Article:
Before anyone living today was born, there was Heath. A town with a rich history. A town that in the mid-nineteenth century boasted nine schoolhouses within walking distance of the children’s homes. A town whose historic center had three protestant churches: Episcopal, Methodist, and Baptist. By the end of the nineteenth century, the Baptist church was torn down, and the three churches combined into the Union church as it still exists today. A town that by the turn of the twentieth century had emerged from its existence as a quiet settlement of farmers and parsons and doctors to embrace the influx of summer residents seeking temporary respite from city life to enjoy fresh air, natural locally grown food, and the beauty of the surrounding hills. And after everyone living today is gone, there will still be Heath. Life is change. What will be our contribution to future generations living here?
Over the two centuries of its existence, Heath Center has seen many changes, both to its appearance and its life. Its first building in 1785 was a schoolhouse, erected on a lot where the Community Hall now stands. Three years later, town meetings began to be held in the building. The first meeting house, erected in 1786, stood on a one-acre lot that became the town common. It was demolished in 1834 after the new meeting house (now the Union Church) was built in 1833. Part of its materials may have been used to erect the town house for public meetings. In the nineteenth century, the Common was used for haying and surrounded by houses, a creamery, shops, liquor stores, horse sheds, blacksmith, an inn, schools, and churches.
Calver’s history records the many changes the Center has experienced. Houses were built, torn down, or burnt. When the Baptist Church was dissolved in 1884, Hugh Maxwell bought the building and moved it to his house on West Main Street to use as a barn. The shop selling fertilizer became a shop selling matches and then a private dwelling. In the nineteenth century, its Common sported town scales for local farmers to weigh their produce on the way to market and was the site of stocks for public exposure of people who had committed some or other infraction against the town and its people. It had an active grocery store and post office until 1956 (now the home of the Gruens). The Red House Inn and Tavern, the center of many gatherings and activities, was torn down in 1897 to become the site of the town library and Grange at Sawyer Hall. The Grange attracted many local events and sported a private pool room for members until by 1979 it was suffering decline. When the Methodist Church, that had a store in its lower level, was deeded by the Historical Society to the town, it became the Community Hall, with many ongoing events including square dancing, town suppers, talks, exhibitions, and the site for election voting. It became the location of the Senior Center in 2004.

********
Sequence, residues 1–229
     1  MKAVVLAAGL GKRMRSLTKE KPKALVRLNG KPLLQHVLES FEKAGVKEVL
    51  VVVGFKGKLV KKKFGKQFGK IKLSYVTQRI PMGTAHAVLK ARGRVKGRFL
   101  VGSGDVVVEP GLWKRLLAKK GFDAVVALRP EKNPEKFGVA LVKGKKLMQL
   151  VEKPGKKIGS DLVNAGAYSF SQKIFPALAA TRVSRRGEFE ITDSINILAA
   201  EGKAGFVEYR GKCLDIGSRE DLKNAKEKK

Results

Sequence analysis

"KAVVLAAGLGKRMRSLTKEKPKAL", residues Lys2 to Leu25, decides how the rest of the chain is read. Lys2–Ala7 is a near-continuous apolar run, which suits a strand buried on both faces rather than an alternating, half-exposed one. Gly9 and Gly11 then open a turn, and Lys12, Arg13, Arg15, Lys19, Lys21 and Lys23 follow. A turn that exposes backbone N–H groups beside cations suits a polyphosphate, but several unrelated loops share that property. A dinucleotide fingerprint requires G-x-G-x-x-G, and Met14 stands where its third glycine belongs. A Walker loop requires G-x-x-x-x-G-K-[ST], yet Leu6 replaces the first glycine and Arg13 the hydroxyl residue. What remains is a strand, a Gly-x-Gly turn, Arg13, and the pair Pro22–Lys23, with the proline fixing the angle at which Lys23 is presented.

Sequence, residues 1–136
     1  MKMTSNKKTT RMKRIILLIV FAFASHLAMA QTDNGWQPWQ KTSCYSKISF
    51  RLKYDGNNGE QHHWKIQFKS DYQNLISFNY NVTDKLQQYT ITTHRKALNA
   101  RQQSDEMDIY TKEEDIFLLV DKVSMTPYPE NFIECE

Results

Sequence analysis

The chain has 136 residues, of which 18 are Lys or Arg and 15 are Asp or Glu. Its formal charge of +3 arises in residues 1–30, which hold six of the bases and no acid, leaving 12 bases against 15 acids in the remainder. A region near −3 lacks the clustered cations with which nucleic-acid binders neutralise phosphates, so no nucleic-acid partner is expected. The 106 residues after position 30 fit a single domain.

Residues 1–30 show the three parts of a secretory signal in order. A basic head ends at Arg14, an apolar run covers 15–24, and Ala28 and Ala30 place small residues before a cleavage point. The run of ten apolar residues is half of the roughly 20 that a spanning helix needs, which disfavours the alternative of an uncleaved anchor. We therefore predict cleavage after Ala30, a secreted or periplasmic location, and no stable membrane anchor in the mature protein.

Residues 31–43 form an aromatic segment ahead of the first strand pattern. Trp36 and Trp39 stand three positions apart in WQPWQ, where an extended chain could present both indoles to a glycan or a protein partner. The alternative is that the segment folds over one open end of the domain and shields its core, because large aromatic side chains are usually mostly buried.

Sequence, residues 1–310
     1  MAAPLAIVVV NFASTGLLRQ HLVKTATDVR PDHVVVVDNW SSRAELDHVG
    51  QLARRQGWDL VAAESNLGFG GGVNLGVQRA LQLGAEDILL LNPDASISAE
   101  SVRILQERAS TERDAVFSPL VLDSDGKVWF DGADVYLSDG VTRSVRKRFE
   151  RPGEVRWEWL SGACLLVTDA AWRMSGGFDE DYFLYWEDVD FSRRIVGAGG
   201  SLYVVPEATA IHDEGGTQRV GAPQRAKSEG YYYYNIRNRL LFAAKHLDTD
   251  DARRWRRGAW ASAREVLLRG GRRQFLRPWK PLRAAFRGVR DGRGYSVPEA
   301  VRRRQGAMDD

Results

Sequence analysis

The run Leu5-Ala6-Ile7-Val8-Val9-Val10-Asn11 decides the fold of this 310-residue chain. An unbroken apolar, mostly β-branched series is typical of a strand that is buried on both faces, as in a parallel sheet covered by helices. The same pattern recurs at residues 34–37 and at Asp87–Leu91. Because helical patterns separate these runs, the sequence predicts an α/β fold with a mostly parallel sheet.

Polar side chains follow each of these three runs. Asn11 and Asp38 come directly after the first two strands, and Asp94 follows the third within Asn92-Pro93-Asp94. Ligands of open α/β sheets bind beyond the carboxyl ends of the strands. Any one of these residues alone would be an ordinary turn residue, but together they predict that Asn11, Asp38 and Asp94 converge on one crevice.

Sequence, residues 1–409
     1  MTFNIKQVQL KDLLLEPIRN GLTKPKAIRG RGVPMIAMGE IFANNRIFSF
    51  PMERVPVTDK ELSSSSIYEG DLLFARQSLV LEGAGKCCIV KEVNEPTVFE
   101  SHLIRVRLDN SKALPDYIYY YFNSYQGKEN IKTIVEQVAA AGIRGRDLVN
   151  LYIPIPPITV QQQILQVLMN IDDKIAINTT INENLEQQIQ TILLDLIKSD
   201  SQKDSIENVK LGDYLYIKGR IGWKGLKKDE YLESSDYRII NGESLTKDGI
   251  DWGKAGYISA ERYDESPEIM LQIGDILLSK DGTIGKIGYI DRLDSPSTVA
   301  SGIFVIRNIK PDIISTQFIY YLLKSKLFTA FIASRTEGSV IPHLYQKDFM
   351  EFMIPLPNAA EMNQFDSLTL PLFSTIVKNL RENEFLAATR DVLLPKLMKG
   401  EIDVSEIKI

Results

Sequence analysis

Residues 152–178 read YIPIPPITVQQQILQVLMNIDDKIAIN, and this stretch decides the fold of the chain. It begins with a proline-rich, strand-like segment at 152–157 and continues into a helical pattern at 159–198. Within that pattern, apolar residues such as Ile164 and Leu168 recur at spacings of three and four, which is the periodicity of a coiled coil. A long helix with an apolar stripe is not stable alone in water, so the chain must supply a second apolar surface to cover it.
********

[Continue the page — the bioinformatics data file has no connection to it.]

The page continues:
Today, the Historic Center is much less active as a gathering place for community activities. Sawyer Hall stopped functioning as a Grange when town offices were moved into the building in 1980. With the grocery store no longer existing, the post office was located in what is now Sharon Brauer’s place, when Esther Dickinson was postmistress, before it moved into its current quarters in Sawyer Hall. Although events still take place in Community Hall, notably the annual Art Exhibit and the Historic Society’s Dining with History, monthly senior luncheons and programs, and is the current location of the town nurse, it has limited occupancy possibilities for major events, like the annual town meeting, and needs extensive restorative work to bring it up to state code. Sawyer Hall is also in need of rethinking its usage and space needs.
So, how to bring the Historic Center back to life? Do nothing is not an option if we want to secure a positive and fiscally workable future for our town. We do not yet know how the coming of broadband will affect our future, whether with more families moving to Heath or the possibility of attracting much-needed business opportunities to enhance our tax rate. But we all agree that whatever ensues, Heath needs to respect, renew, and add to its rich history by revitalizing Heath Center. The only way the Center has ever survived is by changing with the times and needs of the town. We shouldn’t fear change. Instead, we need to make a short- and long- range strategic plan. Several ideas have already been bruited abroad. Can we work together to brainstorm a strategic plan for the Historic Center – and Heath’s future?
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